"That remains to be seen," said his companion. "You must not forget that besides the barrel there are the branches, and it is never safe to conclude because a place has been dug over that all the gum has been taken out of it. Now here," he continued, pausing at a spot some twenty yards from the mound, "is a place worth trying; it's the sort of spot I should tackle myself, and if you don't find gum somewhere close handy, I'm not the King of the Diggers."

Clifford seized the spade and began eagerly turning over the soil, while the person who had staked his royalty on the issue seated himself to watch operations.

"It's a wonderful place this," he said musingly, a far-away look in his forget-me-not eyes. "Huge trees all around us, and in amongst them the saplings springing up straight and clean, bound on a life of a thousand years' duration. Listen! You can hear the wind coming up from the sea and dying away among the leaves like a spent wave."

Clifford lifted his eyes and looked across the dusty, scrubby landscape and back to the speaker. There page 40was something at once exalted and pleading in the blue eyes looking into his own that set the young man wondering.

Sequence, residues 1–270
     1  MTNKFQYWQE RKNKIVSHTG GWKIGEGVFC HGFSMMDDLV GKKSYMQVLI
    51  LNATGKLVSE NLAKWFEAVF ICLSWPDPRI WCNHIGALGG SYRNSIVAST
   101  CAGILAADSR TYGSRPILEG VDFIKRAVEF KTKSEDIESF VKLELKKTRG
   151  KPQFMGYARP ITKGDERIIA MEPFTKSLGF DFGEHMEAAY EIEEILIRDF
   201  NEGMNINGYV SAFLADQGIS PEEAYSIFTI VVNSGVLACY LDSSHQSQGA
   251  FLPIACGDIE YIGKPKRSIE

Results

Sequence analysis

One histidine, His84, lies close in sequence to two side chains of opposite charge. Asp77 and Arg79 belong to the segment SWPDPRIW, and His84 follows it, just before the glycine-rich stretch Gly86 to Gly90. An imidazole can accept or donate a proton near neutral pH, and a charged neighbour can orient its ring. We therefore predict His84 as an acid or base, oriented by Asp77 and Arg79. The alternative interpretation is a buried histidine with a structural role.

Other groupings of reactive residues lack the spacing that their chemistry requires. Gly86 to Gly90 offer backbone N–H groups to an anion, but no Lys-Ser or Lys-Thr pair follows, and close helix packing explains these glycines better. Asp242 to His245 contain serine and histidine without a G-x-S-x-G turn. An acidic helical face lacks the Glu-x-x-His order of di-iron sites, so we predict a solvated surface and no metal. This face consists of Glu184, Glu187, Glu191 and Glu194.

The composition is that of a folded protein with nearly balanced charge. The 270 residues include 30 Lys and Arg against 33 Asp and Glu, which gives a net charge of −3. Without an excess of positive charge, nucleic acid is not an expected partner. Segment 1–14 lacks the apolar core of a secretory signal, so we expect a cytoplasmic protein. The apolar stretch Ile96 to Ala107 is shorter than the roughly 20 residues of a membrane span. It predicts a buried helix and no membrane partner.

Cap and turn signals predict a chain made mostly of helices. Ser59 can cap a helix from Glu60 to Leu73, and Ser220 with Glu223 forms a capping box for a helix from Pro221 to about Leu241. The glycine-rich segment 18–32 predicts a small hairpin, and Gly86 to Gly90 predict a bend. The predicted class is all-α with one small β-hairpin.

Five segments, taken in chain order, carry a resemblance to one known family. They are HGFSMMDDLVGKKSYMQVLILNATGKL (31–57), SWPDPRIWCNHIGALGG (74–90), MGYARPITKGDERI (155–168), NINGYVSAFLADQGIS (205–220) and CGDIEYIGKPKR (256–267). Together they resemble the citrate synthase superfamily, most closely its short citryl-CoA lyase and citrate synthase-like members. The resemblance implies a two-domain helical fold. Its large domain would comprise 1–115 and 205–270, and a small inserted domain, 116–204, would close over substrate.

A few more turns of the spade, and the gum began to appear in small rusty nuggets until about a dozen pieces, ranging in size from a walnut to a turkey's egg, lay on the ground beside the hole. "I told you!" said the man triumphantly.

"Yes," said Clifford, "of course this gum is yours."

"Keep it," said the other, "for I have plenty. All the gum on all the gumfields is mine, for I alone know where it is. That is why they call Jessamine Olive the King of the Diggers."

"Is that your name?" asked Clifford.

"Yes, but you may call me Jess—all the boys call me Jess. Why should I take your gum, who have all the storehouse of the forest to draw upon? See here." He rose, and taking the spade from Clifford, moved off through the scrub.